Three Things I Learned from My Mom

While reflecting the other day, I wondered where we pick up things in life that help shape us as people.  We all experience different events, and those events, interactions, and examples (good or bad) shape the very nature of who we become.  Some of who we are is the product of who our parents were and we take some of it from them, reject some, but it shapes us nonetheless.

There were things I learned from my Mom.  You see, she was a single mom raising three boys.  She worked primarily as a waitress her entire life.  The hours allowed her to be there in the morning, and when we got home from school, but the work was hard.  Three major lesson come to mind that were passed from her to us.  Intentionally or not, those lessons were pretty clear.

Be Tough.  Work Hard.  Celebrate Events.

Be Tough.  This may have been less intentional, but more a product of circumstance. Money was tight, our roof leaked (a lot), and there were times when chopping wood was the deciding factor between being warm or cold.  I am sure there were days when she wondered if she could make it another day, but she kept pushing forward.  She demonstrated that even when life is hard (which it totally is at times), you need to be tough in order to survive.

Work Hard.  Long hours and weekends on her feet “slinging hash” as she liked to call it, was what she did.  It is not glamorous work, but it paid the bills (most of the time).  Weeks, months, and years passed and you could tell that the work took its toll.  Sore feet, sore shoulders, and shoes that looked like they had seen a war.  I recently remembered sitting down as a kid and helping her dab on that white shoe polish that would make those shoes look like new again.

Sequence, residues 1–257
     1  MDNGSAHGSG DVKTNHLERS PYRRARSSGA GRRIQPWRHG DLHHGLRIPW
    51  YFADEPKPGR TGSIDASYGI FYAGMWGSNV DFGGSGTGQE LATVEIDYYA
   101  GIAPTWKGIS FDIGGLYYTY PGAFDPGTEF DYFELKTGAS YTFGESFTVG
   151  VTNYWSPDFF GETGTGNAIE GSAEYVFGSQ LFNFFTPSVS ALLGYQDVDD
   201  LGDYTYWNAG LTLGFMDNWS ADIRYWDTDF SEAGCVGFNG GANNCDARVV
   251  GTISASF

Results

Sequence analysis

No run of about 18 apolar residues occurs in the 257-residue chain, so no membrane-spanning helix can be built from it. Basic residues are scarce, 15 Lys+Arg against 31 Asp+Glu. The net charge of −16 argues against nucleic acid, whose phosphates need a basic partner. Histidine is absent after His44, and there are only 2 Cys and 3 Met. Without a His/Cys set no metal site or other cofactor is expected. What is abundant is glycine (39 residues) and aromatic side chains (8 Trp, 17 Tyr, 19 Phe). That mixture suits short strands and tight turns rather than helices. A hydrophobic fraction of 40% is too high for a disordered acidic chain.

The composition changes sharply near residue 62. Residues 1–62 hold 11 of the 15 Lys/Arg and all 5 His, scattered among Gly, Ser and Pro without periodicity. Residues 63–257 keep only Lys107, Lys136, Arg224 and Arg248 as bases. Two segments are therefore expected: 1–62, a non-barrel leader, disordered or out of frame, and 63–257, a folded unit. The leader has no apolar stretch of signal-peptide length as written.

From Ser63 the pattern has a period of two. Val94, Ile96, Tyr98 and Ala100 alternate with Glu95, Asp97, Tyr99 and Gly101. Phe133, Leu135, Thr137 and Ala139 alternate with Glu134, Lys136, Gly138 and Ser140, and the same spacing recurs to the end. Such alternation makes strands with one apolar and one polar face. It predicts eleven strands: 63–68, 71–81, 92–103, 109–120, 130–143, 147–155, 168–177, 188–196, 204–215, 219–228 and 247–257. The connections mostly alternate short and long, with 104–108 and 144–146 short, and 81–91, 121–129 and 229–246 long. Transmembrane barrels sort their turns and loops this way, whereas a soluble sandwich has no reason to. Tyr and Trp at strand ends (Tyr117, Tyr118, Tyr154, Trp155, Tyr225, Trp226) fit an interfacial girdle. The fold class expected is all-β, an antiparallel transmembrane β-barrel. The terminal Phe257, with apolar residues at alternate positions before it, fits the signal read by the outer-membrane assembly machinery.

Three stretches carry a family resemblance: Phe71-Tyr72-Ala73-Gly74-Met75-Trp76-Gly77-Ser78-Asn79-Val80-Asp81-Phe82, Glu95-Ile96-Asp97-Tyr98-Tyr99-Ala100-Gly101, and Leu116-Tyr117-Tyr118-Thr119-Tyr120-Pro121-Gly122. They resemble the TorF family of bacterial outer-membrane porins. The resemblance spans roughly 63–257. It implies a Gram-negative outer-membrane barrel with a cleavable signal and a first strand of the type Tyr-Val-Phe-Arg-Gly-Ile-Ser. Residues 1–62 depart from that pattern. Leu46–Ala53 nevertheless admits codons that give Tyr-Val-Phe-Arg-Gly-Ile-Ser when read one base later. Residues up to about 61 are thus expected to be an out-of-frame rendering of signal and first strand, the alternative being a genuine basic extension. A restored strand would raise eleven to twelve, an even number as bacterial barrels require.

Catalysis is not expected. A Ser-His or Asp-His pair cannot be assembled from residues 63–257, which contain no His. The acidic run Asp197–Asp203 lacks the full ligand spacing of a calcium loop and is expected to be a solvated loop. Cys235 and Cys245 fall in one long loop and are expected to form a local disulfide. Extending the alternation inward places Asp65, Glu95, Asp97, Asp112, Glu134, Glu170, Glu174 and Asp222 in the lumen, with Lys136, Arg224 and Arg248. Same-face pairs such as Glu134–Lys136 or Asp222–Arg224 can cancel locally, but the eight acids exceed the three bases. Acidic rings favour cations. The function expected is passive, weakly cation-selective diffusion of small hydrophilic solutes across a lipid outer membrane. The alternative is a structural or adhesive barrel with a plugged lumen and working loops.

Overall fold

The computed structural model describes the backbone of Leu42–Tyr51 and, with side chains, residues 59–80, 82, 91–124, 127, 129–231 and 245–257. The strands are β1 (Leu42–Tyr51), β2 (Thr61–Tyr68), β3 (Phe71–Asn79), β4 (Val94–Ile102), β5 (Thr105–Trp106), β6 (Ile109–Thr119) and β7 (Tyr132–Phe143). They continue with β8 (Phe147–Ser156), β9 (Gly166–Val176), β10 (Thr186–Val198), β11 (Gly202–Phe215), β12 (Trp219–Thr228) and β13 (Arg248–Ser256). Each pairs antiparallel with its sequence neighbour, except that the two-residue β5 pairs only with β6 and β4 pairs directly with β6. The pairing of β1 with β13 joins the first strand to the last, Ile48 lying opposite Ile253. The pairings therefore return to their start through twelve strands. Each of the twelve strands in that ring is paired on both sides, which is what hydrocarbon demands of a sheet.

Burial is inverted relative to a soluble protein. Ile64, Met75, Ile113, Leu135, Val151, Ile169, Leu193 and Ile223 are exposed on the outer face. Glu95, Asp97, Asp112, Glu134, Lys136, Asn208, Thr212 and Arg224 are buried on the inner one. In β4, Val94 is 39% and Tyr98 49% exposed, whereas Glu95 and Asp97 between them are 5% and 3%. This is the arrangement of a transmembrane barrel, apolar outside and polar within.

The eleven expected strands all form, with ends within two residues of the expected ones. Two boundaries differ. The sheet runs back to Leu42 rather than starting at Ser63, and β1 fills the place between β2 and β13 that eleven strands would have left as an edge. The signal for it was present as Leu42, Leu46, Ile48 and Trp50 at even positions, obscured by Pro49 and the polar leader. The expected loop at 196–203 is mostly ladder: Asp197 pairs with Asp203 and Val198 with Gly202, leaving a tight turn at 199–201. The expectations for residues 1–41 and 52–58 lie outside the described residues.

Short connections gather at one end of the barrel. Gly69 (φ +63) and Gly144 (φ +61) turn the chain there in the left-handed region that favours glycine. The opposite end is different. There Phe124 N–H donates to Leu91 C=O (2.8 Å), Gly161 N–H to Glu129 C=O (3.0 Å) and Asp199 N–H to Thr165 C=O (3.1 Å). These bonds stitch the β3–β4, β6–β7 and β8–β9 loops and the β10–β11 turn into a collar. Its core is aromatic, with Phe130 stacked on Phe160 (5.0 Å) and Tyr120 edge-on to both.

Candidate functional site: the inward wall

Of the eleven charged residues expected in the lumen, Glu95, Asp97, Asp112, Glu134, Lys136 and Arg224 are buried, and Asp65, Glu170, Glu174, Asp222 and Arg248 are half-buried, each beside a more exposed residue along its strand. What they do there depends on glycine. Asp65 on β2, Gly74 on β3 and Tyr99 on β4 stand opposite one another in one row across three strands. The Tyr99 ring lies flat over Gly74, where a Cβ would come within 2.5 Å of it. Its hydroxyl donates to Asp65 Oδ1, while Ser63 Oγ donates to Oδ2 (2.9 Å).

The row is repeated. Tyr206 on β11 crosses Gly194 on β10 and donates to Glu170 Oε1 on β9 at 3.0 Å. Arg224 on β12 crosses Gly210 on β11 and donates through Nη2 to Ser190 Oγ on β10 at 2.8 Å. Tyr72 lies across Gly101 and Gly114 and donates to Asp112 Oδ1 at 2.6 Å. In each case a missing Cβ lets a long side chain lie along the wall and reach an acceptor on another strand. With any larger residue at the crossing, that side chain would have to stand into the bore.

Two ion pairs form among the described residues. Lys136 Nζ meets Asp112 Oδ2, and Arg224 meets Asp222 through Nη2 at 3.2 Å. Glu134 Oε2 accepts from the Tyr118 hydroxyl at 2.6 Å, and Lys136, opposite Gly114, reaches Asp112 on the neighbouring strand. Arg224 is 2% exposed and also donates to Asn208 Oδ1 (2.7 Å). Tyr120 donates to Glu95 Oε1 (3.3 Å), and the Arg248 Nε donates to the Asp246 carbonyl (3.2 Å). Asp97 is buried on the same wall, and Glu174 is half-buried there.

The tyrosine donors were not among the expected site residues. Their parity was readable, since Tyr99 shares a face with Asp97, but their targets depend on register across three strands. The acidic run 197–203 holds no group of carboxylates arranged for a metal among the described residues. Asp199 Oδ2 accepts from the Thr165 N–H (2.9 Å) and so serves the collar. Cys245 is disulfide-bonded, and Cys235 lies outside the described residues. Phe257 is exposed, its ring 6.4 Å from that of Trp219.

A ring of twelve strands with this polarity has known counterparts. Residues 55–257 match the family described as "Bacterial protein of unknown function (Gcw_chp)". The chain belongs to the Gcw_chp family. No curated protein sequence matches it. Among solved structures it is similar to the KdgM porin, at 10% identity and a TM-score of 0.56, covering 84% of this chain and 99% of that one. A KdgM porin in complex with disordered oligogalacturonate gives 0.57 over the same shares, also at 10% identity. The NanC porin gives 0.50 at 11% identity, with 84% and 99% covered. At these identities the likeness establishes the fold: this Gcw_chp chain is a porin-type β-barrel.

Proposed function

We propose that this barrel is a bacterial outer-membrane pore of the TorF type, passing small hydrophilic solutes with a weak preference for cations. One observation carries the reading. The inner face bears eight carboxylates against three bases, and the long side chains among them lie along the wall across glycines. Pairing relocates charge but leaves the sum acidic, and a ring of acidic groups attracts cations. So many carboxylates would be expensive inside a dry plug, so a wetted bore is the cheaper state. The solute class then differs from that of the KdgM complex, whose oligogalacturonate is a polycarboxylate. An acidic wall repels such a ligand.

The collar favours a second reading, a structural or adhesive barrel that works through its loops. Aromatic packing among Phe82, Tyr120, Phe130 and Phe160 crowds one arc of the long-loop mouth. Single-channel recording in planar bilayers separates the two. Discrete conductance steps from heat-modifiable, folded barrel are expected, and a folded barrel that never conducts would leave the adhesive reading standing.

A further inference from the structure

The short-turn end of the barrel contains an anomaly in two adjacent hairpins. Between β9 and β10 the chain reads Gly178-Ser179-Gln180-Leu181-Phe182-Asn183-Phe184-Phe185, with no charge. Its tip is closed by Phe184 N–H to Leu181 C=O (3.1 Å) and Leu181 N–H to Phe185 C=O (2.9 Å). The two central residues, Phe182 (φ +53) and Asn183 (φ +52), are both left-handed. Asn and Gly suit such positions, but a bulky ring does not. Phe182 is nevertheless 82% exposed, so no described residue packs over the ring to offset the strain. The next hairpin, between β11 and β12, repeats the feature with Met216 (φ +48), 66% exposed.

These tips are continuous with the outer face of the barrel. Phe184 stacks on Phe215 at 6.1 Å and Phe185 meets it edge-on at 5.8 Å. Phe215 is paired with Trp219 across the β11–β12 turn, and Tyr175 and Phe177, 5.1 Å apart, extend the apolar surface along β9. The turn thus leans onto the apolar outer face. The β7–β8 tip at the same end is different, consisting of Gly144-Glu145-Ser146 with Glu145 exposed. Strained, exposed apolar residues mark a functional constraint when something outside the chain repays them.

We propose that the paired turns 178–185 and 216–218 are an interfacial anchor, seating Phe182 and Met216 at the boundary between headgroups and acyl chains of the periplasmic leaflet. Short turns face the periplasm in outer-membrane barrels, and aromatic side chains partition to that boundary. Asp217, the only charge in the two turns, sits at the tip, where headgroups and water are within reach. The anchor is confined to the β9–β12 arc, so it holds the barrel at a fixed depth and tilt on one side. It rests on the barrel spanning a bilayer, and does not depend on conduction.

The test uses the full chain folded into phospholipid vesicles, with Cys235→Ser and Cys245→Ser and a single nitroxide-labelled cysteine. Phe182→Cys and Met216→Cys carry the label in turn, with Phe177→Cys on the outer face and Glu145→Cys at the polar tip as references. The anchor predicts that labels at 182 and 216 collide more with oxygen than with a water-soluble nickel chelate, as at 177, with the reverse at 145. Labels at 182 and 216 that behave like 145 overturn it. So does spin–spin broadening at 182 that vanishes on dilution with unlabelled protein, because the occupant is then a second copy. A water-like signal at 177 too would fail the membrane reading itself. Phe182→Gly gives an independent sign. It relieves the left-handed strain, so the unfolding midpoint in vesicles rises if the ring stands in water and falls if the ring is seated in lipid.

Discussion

Celebrate Events.  Whether it was a birthday, a holiday, or some life event, we celebrated.  When I look at old photos, I can see the amazing cakes she decorated, the cookouts we had, the birthday parties with all of our friends.  Despite the lack of funds, we had fun.  When report cards came, if you did well, you got a “skip day” that meant a whole day with Mom doing something fun.

These lessons helped shape who I am today.  I have had to be tough to ensure hardship. Working hard helped me in life, in college (I was the first in many generations to attend), and in my career.  Most of all, I love to celebrate events.  Birthdays, anniversaries, or life events are savored like fine wine.

The other major lesson that is buried deep is an appreciation for what I have.  And it sometimes hits me in weird ways.  A roof that doesn’t leak.  Heat when you turn up the thermostat.  The ability to fill the gas tank in the car without having to dive into my change stash.  All of these things we may take for granted, but it is nice to remember and be content.

By the way, I don’t think she reads this blog and she would be embarrassed to be the subject matter.  But just in case she reads this someday…

Thanks for the lessons, Mom.

4 Comments on “Three Things I Learned from My Mom

  1. Pingback: Celebrate Events | Carl Weber Consulting

  2. Pingback: 20,000 Views: 20,000 Thanks | Carl Weber Consulting

  3. Lucky you. And lucky me. I also had a hardworking mum, who meant and still means much to me. She and my grandmother taught me about life. I´ve learned my lessons well and my life has turned out to be more than beautiful. My two children – or rather youngsters – are now 19 and 21. I hope I have been and still is a role model for them. My strongest advice is to listen to your children and discuss all things in life with them. Never let there be a distance between you (in miles is OK…) and like you wrote: Always work hard and do your very best, and always find opportunities to celebrate. The importance of enjoying life cannot be overestimated. You only get one chance – as far as we know. Lastly: Don´t neglect your children when they grow up. No full time job, no exquisite career. Take full responsibility while you can.

    • Thanks for the comments. I liked what you said about distance (in miles is OK). It requires us to periodically check in with our kids to make sure that time has not created distance when we (or they) were busy doing other things.

      Carl

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